Analysis: Another solid match, although "surprisingly solid" might carry a negative connotation. Again, this was only the 4th match of a card that spanned ten matches, and it was surprising how solid a match it was when you consider it like that. But when you considered those involved- Saito, Hashi, Scorp and Slinger- all of them are basically good whenever they have a match, and this was not exception. Saito proved he was stiff, Hashi proved he could take a beat, Slinger did a good job in a variety of ways, and Scorpio was…Scorpio. Departure '04 is hitting its stride quite well. ***

Akira Taue and Takuma Sano vs. Daisuke Ikeda and Mohammed Yone

In an early, great spot, Yone takes a disgusting (as in disgustingly great) backdrop that folds his neck almost in two and sells it like gold: he sits up and acts like he doesn't know where the hell he is. Then again, he probably wasn't acting. Taue gets tagged in, only for Ikeda to hit a Ganmengiri off of Yone's back. Taue responds with a Nodawa Atoshi! Ikeda breaks it up, and a powerbomb is followed up with a double stomp, which Ikeda also breaks up. Ikeda keeps interfering, saving Yone from submissions and pin attempts. Ikeda tags in, dishes out some punishment, takes some punishment, and then plants Sano with a Death Valley Driver. There's also a slightly-botched segment mid-match…miniscule, but it was there. Yone then hits the Muscle Buster for a big pop, only for Sano to drop Yone right on his head with a release German Suplex. Sano hits the Northern Lights Bomb, only for Ikeda to break it, and even a grimace-inducing brutal double stomp nearly flattens poor Yone's chest is kicked out of at 2¾. The match concludes when Sano nails an insane Avalanche Northern Lights Bomb that once again drills Yone right on his damn head, finishing off a pre-Asian Disco Man Yone at 10:45.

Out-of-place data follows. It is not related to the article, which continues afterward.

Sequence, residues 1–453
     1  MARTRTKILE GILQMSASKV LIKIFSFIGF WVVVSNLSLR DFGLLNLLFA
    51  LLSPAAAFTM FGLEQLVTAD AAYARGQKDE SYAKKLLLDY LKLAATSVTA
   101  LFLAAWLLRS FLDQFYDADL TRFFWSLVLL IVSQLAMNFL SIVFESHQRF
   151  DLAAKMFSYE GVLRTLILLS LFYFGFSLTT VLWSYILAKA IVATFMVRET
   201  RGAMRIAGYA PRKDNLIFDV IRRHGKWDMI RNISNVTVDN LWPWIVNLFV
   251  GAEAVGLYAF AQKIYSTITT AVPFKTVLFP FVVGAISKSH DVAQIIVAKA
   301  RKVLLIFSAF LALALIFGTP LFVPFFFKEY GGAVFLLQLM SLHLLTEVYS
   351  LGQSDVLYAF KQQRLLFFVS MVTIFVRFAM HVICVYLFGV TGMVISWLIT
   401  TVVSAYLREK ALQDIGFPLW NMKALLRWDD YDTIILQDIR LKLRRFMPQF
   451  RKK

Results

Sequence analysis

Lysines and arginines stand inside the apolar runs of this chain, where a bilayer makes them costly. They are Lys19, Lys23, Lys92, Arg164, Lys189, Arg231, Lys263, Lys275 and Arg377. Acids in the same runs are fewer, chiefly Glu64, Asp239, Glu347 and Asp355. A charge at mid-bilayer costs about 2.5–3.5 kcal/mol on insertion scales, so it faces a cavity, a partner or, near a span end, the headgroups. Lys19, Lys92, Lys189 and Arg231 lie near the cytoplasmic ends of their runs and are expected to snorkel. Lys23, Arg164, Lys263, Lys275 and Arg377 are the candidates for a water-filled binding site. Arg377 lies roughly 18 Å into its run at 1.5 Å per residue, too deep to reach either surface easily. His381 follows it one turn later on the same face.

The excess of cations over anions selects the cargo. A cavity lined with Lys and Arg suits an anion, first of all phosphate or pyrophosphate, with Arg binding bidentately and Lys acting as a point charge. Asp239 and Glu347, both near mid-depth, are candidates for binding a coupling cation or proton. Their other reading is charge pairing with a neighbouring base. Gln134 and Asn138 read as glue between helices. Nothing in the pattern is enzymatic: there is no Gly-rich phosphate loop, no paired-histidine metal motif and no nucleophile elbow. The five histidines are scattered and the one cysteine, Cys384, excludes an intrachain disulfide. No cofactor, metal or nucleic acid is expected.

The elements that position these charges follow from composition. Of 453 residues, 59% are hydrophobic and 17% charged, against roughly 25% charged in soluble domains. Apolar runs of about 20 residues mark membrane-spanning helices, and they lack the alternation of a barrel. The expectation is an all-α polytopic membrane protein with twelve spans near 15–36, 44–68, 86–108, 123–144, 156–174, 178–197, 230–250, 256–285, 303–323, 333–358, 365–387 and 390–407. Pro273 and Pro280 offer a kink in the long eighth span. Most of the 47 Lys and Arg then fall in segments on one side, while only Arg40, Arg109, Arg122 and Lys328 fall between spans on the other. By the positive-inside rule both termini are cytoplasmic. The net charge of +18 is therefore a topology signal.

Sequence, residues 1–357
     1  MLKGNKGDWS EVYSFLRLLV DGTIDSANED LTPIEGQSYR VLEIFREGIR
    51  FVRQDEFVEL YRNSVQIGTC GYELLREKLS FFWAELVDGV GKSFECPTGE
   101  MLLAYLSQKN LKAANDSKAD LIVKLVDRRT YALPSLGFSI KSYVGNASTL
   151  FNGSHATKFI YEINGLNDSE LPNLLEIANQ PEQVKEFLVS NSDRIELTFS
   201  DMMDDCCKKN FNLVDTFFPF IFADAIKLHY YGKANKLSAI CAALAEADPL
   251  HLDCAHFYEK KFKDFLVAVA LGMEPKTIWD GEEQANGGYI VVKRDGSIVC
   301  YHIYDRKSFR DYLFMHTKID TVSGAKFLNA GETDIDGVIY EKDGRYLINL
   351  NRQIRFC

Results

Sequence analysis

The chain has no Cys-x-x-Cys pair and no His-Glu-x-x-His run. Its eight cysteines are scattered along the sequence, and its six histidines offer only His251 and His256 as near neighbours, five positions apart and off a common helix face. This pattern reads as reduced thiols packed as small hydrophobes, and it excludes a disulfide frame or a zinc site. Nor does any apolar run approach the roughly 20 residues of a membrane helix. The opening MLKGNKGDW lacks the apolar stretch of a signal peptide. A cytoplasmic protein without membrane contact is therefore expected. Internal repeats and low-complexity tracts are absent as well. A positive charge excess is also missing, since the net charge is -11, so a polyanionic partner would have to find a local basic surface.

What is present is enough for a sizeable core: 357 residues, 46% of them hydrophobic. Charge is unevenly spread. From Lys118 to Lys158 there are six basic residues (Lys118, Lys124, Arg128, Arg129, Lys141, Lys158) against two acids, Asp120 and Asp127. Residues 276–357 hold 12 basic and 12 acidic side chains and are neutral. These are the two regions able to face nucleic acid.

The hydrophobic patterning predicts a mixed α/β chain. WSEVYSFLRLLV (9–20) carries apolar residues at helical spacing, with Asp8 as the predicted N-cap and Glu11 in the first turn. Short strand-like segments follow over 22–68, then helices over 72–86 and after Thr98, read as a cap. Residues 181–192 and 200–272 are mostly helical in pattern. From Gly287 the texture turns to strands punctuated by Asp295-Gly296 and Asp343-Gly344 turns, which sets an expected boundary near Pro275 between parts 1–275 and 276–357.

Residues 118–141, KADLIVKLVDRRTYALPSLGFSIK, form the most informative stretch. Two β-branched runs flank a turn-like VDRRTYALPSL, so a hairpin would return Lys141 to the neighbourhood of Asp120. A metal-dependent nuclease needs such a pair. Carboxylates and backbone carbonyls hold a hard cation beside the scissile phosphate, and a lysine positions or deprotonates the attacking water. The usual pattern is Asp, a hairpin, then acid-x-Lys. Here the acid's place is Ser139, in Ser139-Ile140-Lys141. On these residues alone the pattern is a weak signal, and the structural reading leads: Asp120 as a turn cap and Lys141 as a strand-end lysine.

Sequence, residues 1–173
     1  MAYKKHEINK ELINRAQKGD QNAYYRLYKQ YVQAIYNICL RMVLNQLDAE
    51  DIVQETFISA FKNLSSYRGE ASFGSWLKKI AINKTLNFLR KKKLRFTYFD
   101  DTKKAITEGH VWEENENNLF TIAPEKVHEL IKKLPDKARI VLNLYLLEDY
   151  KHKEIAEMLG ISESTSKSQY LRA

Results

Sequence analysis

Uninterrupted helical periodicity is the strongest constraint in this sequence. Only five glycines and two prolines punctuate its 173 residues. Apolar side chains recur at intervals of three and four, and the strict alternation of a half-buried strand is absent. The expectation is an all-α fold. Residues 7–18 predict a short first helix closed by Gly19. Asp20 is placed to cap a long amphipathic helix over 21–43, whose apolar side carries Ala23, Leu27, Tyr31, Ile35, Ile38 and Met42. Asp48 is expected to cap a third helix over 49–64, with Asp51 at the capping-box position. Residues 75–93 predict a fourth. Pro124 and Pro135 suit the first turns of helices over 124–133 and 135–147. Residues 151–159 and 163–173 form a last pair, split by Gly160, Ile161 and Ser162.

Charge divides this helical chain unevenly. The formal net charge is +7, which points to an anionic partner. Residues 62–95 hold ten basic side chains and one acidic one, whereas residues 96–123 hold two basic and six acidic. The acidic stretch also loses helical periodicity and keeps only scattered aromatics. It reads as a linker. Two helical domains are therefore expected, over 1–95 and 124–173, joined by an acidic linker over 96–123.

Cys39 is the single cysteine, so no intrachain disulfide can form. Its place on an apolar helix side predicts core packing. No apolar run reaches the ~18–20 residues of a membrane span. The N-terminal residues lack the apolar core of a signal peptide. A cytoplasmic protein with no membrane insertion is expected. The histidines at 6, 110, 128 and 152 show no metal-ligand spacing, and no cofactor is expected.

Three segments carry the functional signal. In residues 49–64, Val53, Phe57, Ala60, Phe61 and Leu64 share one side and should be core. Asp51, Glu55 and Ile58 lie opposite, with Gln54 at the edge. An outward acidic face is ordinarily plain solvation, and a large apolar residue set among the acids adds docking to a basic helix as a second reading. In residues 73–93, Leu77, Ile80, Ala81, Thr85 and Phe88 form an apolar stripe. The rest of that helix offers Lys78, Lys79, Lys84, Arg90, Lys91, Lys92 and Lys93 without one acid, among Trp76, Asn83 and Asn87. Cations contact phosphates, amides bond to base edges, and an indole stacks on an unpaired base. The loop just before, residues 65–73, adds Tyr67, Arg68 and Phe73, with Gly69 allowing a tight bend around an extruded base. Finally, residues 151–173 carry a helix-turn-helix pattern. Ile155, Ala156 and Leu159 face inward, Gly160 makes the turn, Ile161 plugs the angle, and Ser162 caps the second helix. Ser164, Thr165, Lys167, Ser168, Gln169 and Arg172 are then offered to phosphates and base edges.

Analysis: Basically, a spotfest of high-impact moves. But most of the moves had backing, and weren't exactly thrown out at random. Not to say they were built up very well, either, but, for what it was, I found it really entertaining. The bumps were brutal, and the last couple of minutes were really frantic, fast-paced, and made for a very good showing from all four more-than-capable men. Think of it as a spotfest, but a good one, with just enough balance on all sides of the spectrum to offshoot, or at least give enough meaning to, some very sick moments. Departure, as a whole, is starting to get good. Real good. ***

GHC Jr. Heavyweight Tag Team Title Match: Naomichi Marufuji and KENTA (c) vs. Kendo Kashin and Takashi Sugiura

Mmm…KENTAfuji…Right off the bat, Naomichi nails the flippy arm bar reversal thingy of his, followed by Sugiura and KENTA beating the hell out of each other. A small comedy spot of Kashin crashing into his helpers after trying an outside dive leads into more Sugiura/KENTA stiffness. A small cluster-**** breaks out, leading to a gutwrench suplex off the apron to Marufuji, only for Kashin to roll Naomichi in at 19. Sugiura and Kashin then exchange blows due to a few in-ring mistakes and general animosity stemming from Kashin choosing to continue the match when Takashi thought it'd already been won. Later on, Kashin hits a Shirunai on Marufuji, but a severely botched one: instead of running up the ropes, Kashin tries to run directly onto the top rope, then slips, then falls back and Marufuji has to carry Kashin over to complete the move. Hate for Kashin: growing. Marufuji is then treated to a sick German suplex that plants him right on his cheek. KENTA and Naomichi then fight back and hit the powerbomb/Shirunai combo, only for Kashin to break. After a Busaiku Knee to keep Kashin at bay, Sugiura kicks out of a Shirunai and a Senton, but is finally put away with the Avalanche Shirunai at 22:26.